This novel is limited to 100 free copies due to its part in Inkitt’s Novel Contest.
Aaron Keynes lifted the heavy supply case into the hold of the chartered merchant ship. He wiped the sweat off of his forehead with his sleeve, going back for the last crates. His work was mundane, and taxing, but Keynes was glad he at least had a job. Two point seven billion other people couldn’t say that much, the poverty rate was high on the planet Corinth. Lifting the next crate with a grunt, Keynes glanced over at all the other ships on the docks. Shiny new Androids loaded their cargoes, faster than Keynes ever could. Placing the crate in the hold, he saw the captain looking at the Androids, with a smug grin on his face as he glanced over at Keynes. Keynes knew that he would be replaced, it was only a matter of time.
Androids could lift things four times heavier than him and clean twice as fast as him without complaint. They could also perform medical procedures, repair broken parts and do the complicated equations required for space travel in a few minutes. He couldn’t do any of that. The only factor keeping him employed was the huge up-front cost of an Android, but even that would be negated over time, because Androids don’t need to eat.
He cursed under his breath, lifting the final crate.
Captain Jonas Williams climbed up the ladder into the ship, then opened the door into the hall. He brushed past Jason Lee, their engineer, who was doing final systems checks.
“How is everything Lee?”
“Great, just great, my wife just delivered, it’s a boy--”
“I was talking about the ship.”
“Oh,” He sighed. “the ship’ll do fine. But remember it’s scheduled for an overhaul after this voyage.”
“Alright, just make sure nothing blows up.”
“Oh, and remember to lock down the habitat, I don’t want anything bumping around when we launch.”
Lee put down his PDA.
“Gotcha, I’ll get on it in a sec.”
The captain walked through the short corridor, into the cockpit, where the pilot was seated. Paul Cade was an excellent pilot, probably the best that Jonas had ever worked with. He was surprised he even took the job of piloting a third-class merchant ship. Jonas knew that Cade could have gotten a better job, but he was grateful nonetheless.
“Is Keynes done yet?” the captain asked, leaning over Cade’s shoulder to check the cargo-bay monitor screen.
“Yeah, he’s done, he’ll just be a minute. He’s getting a case of juice and a sandwich” Cade answered.
“Why? We’re launching in twenty.”
“He hates the ration packs. ’says they rot his bowels.”
“I swear I’ll leave without him if he’s not back in two minutes… Ugh. He ticks me off.”
“You tick him off too. If I were Keynes, I woulda’ beat the crap out of you months ago.”
“Thanks Cade, get back to work.”
Cade leaned forward, looking at another fancy screen.
“Yes sir.” he said, with a mocking salute.
Keynes ran out of the spaceport store, clutching his sandwich, chips, and twelve pack of peach juice cans. He ran up the cargo bay ramp, and kicked the control switch to ‘close’ with his boot. He shoved the rest of the crispy chicken sandwich in his mouth, packed the chips into his pocket, and struggled up the ladder with the case of juice in his left hand.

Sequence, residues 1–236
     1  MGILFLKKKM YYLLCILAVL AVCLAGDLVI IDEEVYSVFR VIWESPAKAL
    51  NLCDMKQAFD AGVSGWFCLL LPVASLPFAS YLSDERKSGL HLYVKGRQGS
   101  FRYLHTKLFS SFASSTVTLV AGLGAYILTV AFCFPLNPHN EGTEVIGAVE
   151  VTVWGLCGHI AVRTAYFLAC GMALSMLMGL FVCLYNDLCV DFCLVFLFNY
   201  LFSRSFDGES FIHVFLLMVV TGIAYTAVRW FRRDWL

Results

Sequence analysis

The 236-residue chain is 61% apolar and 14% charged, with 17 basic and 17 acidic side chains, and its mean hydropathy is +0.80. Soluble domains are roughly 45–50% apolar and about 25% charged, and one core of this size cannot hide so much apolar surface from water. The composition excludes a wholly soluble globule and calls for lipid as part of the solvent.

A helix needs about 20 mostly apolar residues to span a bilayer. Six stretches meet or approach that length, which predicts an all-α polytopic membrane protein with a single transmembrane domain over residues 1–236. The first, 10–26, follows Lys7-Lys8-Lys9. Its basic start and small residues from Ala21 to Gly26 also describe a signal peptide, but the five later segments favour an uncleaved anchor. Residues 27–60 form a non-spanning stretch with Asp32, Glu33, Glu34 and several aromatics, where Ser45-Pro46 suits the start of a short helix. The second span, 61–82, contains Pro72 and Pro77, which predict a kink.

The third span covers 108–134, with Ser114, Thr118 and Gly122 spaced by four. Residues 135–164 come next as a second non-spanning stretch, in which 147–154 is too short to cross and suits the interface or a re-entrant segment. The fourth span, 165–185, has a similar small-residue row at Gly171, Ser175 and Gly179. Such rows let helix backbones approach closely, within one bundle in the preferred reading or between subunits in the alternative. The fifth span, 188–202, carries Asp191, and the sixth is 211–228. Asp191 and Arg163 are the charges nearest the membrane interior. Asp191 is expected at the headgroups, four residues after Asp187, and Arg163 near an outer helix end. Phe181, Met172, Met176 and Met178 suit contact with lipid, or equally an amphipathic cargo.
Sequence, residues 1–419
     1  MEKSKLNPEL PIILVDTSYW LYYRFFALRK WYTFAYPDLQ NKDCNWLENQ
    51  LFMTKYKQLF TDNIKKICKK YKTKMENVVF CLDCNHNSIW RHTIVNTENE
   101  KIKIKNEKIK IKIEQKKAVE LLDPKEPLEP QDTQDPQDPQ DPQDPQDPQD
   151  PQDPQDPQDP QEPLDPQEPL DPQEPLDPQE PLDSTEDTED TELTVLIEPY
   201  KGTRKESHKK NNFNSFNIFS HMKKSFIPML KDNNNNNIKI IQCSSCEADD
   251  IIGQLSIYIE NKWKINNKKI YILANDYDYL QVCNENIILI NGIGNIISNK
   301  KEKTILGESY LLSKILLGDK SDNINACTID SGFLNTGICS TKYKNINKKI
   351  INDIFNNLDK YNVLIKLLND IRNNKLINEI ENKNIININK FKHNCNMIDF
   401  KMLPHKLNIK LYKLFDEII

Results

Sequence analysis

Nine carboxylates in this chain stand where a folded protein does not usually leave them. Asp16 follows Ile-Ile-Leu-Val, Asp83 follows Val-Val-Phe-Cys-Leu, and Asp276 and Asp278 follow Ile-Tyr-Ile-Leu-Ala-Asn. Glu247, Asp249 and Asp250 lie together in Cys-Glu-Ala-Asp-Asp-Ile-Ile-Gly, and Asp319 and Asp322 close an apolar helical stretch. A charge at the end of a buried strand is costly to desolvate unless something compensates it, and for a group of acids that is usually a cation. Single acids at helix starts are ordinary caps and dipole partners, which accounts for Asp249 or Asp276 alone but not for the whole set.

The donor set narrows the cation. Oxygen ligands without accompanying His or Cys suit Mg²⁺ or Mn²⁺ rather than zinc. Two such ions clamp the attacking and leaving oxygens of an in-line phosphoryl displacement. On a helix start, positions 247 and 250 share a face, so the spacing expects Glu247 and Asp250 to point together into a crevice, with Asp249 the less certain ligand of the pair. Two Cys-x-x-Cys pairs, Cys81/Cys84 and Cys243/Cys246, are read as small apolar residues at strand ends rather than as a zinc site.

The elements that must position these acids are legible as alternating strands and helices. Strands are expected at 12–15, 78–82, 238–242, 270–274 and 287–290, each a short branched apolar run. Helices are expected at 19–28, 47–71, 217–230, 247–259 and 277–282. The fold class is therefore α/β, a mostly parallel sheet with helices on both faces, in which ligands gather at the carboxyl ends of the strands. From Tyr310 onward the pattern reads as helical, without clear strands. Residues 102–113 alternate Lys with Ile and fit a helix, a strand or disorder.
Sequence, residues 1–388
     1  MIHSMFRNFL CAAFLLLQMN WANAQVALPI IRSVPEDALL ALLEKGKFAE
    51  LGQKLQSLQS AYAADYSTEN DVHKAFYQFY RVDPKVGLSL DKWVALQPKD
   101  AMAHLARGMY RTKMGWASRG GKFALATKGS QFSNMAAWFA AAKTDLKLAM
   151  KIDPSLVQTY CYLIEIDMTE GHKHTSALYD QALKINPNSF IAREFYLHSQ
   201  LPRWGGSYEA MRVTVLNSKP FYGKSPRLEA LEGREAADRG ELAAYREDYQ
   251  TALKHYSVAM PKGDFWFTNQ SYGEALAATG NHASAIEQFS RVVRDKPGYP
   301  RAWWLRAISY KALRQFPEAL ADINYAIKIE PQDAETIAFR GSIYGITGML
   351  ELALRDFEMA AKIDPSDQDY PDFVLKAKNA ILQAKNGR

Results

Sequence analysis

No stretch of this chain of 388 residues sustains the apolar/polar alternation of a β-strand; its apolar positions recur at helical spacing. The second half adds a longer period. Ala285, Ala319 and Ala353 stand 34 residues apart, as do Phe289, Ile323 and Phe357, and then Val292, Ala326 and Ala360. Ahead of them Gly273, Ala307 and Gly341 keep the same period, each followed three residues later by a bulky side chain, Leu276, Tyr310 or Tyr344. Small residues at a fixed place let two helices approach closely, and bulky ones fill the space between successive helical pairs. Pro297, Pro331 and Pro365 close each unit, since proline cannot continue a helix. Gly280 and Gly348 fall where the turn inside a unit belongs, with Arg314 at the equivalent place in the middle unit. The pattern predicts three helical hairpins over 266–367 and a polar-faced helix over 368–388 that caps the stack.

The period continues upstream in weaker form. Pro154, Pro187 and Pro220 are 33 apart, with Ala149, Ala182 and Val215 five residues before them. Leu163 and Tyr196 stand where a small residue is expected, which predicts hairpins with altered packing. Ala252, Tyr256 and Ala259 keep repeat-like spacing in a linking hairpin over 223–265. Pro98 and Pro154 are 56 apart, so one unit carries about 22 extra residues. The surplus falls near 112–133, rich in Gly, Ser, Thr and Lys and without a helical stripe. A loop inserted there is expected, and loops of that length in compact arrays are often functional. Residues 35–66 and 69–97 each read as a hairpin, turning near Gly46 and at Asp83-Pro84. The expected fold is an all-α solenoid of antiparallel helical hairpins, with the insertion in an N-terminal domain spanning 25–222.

“Mmmuhh!” he grunted, which either meant ‘who wants a juice?’ or ‘I’m back!’, but his mouth was still full of sandwich.
“Hey Aaron, I’ll take a juice.” Jim Hawkins said. He was Triton’s doctor. Jim had graduated med school only a couple years earlier, and the young doctor was saving up to open his own practice. For now, he was stuck on a merchant ship with a grumpy captain, a nerdy engineer, and an annoying pilot. But he liked Keynes, and considered him fairly normal. Keynes tore open the package and passed Jim a can. Finally swallowing the sandwich, Keynes asked,
“When are we going to launch?”
“Ten minutes--” then the ship lurched forward, and Jim stumbled back, falling on his butt. He switched on his mag-boots, and got back up, rubbing his bum.
“That’s probably the carryall now, taking us to the launch pad,” He remarked, “We should suit up.”
Jim walked away, his stride a little awkward from the active magnetic soles of his boots.
Keynes stuffed the chips into his mouth, a little bummed that he couldn’t savour one of his last good meals. He could swear the ration packs were engineered to rot his insides.
Keynes put his bag of personal belongings and the juice into his locker, and suited up for the launch. The suit was blue, with a grey and white helmet, a face visor, and a small black life support pack that could keep him alive for days. It was light, flexible, and tough, but it gave him a wedgie. Still, it was a long way away from the first bulky spacesuits from Old Earth. He had a lot of respect for the first astronauts.
As everyone strapped themselves in, the ship was raised up to a steep angle. The voice of the ship’s computer spoke through a set of speakers,
“Final systems check. No issues detected. Launch angle check. no issues detected. Crew vitals check. No issues detected. Boosters locked on decouplers. We are go for launch, captain.”
“Glad to hear it, computer,” the captain said, “Initialize launch sequence.”
The ship rumbled.
“Fifteen… fourteen… thirteen… twelve… eleven… ten… nine… eight… seven… six… five… four… all systems go… three…two… one… launch.”